As always, I started by getting my ingredients together. I didn't get the eggs (2 of them) out of the fridge for the photo because I realized that the kitchen was warm enough tonight to make the butter a little softer than ideal. I wanted to keep the eggs cold, to try and chill the butter so it would stiffen up a touch.
First step: make the dough. Two sticks of butter, two eggs, and a cup of sugar go into the mixer bowl.
When it's nicely creamed, add a tablespoon of baking powder (yes, you read that right, a whole tablespoon) and about half a teaspoon of salt. Then add the juice of one lemon; this will make the dough slosh around the mixer bowl, and you'll need to scrape the sides to get everything combined. Finally, add the flour. The exact amount of flour depends on how juicy your lemon was. Because this is an old touchy-feely recipe, I don't measure too exactly either. I know that it always takes at least 3 1/4 cups of flour, and I always use King Arthur AP flour for this. I generally get the first three cups in, scoop up the fourth cup, and little by little add as much of it as it needs. You're aiming for a dough that will eventually be rollable but you don't want to add so much flour that the dough gets dry. In this case, I used about half of the fourth cup of flour. It will look something like this when you're done:
(actually, I probably could have used a little more flour in this batch. Guess my lemon was extra-juicy. The oversoft butter didn't help either.)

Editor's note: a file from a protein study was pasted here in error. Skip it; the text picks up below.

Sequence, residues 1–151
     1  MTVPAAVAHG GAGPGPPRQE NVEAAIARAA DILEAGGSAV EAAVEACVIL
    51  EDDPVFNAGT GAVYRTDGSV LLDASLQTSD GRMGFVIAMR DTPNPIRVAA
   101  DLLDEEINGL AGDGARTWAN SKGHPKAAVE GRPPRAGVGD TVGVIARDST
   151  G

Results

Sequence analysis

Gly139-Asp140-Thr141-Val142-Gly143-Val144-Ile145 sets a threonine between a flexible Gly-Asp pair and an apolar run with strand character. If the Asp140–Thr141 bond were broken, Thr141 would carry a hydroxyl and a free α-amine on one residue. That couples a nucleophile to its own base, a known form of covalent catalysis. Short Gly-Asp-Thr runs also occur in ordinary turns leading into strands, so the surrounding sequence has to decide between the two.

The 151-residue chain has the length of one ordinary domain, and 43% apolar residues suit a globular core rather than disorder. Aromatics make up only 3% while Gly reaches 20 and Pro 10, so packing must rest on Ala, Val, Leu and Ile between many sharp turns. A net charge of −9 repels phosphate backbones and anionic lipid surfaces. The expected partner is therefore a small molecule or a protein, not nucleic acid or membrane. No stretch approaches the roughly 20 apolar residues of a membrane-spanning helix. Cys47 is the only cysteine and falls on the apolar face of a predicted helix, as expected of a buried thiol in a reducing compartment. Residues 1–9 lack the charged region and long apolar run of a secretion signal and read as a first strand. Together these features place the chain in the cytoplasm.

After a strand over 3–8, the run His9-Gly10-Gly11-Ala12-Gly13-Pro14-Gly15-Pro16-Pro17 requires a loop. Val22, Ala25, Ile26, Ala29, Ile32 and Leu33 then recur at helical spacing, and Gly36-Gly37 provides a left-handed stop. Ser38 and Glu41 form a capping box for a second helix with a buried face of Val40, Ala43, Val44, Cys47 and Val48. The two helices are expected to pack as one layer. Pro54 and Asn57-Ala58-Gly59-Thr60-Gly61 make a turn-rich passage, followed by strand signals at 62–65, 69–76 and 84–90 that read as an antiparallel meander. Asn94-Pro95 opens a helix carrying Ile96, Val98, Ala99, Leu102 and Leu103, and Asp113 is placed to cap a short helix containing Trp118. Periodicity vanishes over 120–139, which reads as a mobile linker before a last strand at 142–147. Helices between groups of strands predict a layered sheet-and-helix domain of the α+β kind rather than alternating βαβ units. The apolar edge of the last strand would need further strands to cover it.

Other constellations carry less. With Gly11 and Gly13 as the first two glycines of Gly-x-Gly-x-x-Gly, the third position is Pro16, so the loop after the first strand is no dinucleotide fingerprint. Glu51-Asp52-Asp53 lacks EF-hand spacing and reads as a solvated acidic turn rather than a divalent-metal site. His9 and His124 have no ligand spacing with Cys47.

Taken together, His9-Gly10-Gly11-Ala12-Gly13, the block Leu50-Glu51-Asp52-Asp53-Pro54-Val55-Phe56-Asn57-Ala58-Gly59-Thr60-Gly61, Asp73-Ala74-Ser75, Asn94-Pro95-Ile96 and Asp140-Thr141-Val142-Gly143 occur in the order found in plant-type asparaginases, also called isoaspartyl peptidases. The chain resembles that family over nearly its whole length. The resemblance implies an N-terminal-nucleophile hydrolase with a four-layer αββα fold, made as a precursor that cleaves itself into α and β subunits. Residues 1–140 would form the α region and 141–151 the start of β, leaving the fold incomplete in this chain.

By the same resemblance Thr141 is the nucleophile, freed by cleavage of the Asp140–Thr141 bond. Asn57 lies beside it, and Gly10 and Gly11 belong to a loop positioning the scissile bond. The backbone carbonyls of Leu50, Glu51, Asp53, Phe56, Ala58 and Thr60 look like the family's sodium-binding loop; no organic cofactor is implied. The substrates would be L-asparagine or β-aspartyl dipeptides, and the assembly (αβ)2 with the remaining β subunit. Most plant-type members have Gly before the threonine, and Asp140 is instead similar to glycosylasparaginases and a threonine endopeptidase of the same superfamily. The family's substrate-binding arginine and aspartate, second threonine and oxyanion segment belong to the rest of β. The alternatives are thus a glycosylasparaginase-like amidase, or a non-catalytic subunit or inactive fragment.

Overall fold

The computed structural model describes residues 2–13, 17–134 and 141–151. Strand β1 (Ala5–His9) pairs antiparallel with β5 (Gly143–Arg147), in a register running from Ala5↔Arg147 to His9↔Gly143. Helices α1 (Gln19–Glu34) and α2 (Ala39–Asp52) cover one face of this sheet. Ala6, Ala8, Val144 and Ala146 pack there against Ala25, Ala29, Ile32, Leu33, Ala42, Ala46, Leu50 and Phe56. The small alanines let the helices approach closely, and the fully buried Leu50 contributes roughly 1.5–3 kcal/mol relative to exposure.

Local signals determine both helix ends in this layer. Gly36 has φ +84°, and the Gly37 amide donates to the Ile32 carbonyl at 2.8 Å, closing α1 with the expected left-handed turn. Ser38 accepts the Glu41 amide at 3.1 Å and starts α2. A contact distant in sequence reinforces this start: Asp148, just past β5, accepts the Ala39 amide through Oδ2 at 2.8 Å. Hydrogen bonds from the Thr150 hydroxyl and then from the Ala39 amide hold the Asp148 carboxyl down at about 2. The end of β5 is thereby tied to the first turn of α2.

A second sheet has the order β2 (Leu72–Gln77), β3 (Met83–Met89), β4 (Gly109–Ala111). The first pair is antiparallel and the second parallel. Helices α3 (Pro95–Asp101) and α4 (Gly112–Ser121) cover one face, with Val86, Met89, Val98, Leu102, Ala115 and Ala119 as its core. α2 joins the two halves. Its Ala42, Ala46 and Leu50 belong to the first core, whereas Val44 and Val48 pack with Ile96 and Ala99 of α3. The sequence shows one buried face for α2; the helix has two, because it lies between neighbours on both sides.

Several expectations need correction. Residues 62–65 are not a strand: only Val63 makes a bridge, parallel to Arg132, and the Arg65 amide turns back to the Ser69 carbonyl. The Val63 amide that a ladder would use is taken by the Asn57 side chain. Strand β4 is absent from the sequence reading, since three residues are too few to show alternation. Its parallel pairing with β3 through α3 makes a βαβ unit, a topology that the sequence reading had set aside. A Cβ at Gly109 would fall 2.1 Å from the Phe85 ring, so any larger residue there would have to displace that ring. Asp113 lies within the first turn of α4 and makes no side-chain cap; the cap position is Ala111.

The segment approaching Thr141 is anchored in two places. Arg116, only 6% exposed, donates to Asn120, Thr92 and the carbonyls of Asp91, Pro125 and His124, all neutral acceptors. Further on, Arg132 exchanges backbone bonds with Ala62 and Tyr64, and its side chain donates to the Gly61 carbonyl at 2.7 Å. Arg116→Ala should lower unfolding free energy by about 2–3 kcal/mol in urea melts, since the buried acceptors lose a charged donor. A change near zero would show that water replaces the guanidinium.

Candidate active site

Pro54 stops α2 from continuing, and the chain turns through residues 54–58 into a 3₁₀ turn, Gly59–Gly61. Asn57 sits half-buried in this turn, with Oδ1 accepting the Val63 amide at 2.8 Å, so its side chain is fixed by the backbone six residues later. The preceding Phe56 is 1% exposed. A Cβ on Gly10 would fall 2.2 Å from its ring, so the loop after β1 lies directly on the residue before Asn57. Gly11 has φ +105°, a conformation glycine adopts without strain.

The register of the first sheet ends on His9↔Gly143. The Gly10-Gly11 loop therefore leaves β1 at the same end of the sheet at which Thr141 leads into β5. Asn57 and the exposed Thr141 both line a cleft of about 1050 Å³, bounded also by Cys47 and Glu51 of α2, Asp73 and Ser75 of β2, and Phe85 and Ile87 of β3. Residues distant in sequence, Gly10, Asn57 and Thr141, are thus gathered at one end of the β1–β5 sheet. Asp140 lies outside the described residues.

Divide the dough into two parts. Getting it exactly even isn't tremendously important, because you have more dough than you need. Flatten each dough portion, wrap each in plastic wrap, and let them chill in the refrigerator for a while. I typically leave them in while I make the filling, but my kitchen was apparently on the warm side because the dough really needed to be colder to be properly rollable. But fortunately, for this recipe it's not a big issue.
Before you begin the filling, turn the oven on to 350 degrees F.
For the filling, start by peeling,
coring, and slicing about 8 apples into a large bowl. You want lots of filling in your apple cake, so it's better to prepare more apples if yours are small. I'm using some of the Paula Reds that I got from Fruit Valley Orchards earlier in the week. Because these are a somewhat softer apple to begin with, I kept my slices a little on the thick side. Taste a sample or three to see how your apples taste before you add anything.
Squeeze the second lemon,
and add the juice to the apple slices. If your apples are sweet, add it all, but if your apples are tart you may want to be more sparing. Toss the slices in the juice to separate them from one another, and to coat each slice with lemon juice. Add cinnamon and sugar to taste—again, this depends on your apples. If your apples were sweet to begin with, you won't need as much sugar. These apples were pretty sweet, so I only needed a couple of spoonfuls of sugar. I added a generous sprinkle of cinnamon because I like cinnamon. Toss it all together with your hands, and taste again.